Do you like spies and espionage then take a look about how the escape and evasion routes were set up and what MI9 did. This is an really under looked part of the history of WW2.

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  • Andy
  • 10-14-21

Interesting but frustrating

An up to date book on MI9 is a great idea and Fry has, to her credit, obviously done an immense amount of original research. However the end result is a book which is interesting in parts but overall a frustrating read.

Fry sets out her stall early in contending that MI9 was as important in the intelligence world as SIS/MI6, MI5 and GCCS. However, although there was obviously a huge amount of collection and debriefing work done by MI9, Fry doesn’t explain in specific terms how MI9 added to the huge intelligence product of other agencies and military/air reconnaissance or how its product was analysed and ultimately used.

Fry’s contention that recovery of downed aircrew was vital to the maintenance of Allied air power is also not clearly supported in the book, and the number of crews recovered seems small compared with the large numbers of crews being trained. Although no doubt evasion was a powerful morale booster, Fry’s discussion of the Air Ministry’s initial view of escape and evasion as a low priority seems to support its perceived lack of strategic importance.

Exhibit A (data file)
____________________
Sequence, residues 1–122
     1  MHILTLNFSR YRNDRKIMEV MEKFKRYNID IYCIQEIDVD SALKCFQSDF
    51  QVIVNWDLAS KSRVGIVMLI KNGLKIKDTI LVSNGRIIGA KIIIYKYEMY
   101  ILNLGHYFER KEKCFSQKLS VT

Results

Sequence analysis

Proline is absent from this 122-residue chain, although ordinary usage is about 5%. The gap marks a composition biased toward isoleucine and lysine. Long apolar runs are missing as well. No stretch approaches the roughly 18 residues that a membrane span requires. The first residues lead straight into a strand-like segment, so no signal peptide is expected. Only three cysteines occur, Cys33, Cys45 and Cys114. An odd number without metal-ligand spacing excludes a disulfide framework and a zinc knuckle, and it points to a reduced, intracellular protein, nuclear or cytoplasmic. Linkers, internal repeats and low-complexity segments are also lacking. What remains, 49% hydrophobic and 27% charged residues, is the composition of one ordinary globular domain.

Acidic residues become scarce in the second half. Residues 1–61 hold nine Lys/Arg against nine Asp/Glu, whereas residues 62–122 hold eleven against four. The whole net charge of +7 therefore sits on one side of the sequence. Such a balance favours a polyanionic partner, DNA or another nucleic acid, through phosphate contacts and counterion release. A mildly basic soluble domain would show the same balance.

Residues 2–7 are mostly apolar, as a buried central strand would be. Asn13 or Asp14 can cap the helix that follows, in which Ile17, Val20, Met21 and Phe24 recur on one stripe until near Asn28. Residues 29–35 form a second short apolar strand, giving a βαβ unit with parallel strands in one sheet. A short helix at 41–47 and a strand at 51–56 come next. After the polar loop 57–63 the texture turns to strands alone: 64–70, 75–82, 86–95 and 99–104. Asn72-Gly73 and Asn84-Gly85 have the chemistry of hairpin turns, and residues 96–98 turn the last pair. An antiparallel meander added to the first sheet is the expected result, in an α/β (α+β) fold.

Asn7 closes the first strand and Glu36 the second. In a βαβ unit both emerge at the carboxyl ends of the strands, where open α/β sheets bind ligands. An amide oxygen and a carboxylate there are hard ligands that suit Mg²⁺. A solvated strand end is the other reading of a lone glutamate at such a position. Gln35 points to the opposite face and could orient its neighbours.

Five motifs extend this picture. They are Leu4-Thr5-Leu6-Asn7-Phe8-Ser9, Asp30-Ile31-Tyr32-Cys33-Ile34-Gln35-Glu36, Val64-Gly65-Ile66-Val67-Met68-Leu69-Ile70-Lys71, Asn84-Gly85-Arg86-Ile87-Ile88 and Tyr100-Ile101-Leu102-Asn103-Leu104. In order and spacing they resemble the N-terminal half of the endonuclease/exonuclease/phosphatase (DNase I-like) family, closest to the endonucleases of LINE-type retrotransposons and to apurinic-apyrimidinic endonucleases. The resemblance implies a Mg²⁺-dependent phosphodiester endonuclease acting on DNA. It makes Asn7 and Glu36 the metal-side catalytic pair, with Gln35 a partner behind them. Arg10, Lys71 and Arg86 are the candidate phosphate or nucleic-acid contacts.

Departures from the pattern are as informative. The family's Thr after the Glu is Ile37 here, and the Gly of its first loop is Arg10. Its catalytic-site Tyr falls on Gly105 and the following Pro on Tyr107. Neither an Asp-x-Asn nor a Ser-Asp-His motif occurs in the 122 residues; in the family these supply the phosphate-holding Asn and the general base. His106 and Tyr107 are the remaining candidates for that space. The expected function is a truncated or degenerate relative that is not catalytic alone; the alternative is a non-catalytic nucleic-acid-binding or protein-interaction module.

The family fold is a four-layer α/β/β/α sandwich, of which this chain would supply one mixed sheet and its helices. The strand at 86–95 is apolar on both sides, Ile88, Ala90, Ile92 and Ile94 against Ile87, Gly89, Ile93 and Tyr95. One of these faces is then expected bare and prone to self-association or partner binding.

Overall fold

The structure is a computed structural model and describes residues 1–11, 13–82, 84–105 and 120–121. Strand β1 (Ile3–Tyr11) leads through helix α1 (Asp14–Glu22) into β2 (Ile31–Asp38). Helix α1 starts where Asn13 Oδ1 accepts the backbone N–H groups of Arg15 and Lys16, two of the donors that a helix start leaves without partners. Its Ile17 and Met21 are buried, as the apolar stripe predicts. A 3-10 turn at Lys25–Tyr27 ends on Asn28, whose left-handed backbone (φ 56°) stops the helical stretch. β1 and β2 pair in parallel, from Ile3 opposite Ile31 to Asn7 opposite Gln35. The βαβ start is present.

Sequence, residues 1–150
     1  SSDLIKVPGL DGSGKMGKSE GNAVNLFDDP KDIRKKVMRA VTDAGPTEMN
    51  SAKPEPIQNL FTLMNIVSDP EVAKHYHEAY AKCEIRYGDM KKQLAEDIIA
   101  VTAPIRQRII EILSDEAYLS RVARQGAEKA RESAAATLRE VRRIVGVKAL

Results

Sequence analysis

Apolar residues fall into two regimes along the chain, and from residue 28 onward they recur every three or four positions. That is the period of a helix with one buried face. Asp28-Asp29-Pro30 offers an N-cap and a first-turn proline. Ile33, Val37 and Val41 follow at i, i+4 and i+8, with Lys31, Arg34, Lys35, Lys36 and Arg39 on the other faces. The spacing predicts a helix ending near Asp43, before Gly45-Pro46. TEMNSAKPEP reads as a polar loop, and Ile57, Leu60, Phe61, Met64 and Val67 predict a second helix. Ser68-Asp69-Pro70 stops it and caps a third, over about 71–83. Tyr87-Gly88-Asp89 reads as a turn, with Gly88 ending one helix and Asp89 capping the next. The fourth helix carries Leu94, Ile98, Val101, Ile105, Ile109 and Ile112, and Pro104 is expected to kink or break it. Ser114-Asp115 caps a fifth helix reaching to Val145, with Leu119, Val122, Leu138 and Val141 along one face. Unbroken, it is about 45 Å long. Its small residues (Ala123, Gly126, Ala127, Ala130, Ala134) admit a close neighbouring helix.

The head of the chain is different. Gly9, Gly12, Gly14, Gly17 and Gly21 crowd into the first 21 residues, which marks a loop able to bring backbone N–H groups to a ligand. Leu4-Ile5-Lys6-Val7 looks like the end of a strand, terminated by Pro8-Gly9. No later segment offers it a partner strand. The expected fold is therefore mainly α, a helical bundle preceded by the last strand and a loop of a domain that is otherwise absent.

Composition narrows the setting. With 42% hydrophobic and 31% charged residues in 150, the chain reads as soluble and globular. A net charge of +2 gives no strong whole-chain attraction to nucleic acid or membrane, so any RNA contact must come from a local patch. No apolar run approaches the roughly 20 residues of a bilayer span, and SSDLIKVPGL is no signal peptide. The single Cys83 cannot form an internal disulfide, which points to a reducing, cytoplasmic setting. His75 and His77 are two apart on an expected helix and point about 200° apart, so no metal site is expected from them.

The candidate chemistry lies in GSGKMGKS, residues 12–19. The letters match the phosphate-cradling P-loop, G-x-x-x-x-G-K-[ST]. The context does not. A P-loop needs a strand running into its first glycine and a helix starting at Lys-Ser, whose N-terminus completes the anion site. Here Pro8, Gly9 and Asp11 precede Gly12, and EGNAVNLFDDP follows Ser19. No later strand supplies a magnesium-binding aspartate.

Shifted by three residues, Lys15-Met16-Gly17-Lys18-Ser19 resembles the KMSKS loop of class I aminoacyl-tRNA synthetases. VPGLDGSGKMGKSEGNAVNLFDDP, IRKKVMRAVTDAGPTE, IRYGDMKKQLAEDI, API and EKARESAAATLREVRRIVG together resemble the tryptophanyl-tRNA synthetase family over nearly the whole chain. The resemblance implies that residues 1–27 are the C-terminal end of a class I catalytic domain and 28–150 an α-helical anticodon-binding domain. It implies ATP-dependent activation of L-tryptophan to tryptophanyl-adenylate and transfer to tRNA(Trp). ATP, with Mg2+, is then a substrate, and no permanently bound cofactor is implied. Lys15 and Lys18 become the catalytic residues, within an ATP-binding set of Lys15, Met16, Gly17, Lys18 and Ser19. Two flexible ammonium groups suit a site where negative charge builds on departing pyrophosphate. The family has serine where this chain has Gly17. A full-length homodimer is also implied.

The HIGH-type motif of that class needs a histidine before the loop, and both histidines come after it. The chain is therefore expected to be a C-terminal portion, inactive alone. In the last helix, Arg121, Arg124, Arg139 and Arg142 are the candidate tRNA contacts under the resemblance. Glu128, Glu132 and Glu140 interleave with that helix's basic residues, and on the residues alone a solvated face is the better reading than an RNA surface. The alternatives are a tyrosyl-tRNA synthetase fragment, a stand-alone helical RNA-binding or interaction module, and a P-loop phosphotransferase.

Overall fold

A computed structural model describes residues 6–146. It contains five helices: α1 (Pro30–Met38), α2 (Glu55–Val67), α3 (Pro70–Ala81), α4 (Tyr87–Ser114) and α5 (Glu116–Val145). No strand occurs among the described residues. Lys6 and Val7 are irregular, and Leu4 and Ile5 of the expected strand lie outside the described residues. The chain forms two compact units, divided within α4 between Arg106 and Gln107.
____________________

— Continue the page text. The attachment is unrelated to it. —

The tone of the book is also variable. The decision to discuss ‘Q’ and escape gadget up front captures the attention, but is not representative of the book as a whole. There are also some fantastic escapades mentioned and, while these are covered in detail in other books, the brief mentions leaves you wanting more. The book also lacks context about the wider context in which evasion took place. The differences in approach between authorities in Occupied and Vichy France, for example, are implied but not explained. Equally the composition of the enemy is also a blank canvas with no detailed discussion about the many different German agencies involved and how they operated to counter MI9.

The few factual and date errors in the book are also a little irritating and should have been picked up. As an example, the ‘Japanese invasion of the northern regions of Australia’ (as opposed to Australian overseas territories located to the north) will no doubt have come as a surprise to the people of Darwin.

5 people found this helpful

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  • Andy Boyd
  • 11-21-20

Not what I expected

I had high hopes for this book having read a history magazine article. But basically it describes a club for officers to escape from enemy captivity so much so you would think ordinary ranks didn't. So many lists of names and activities.

4 people found this helpful

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  • Antony G Saunders
  • 06-02-21

A tale that needs to be told

The incredible story of the escape and invasion networks in WW2. Bravery and commitment of the highest order in face of torture and death. Well researched and written. very good.

1 person found this helpful

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  • mcfontaine
  • 04-26-21

Brilliant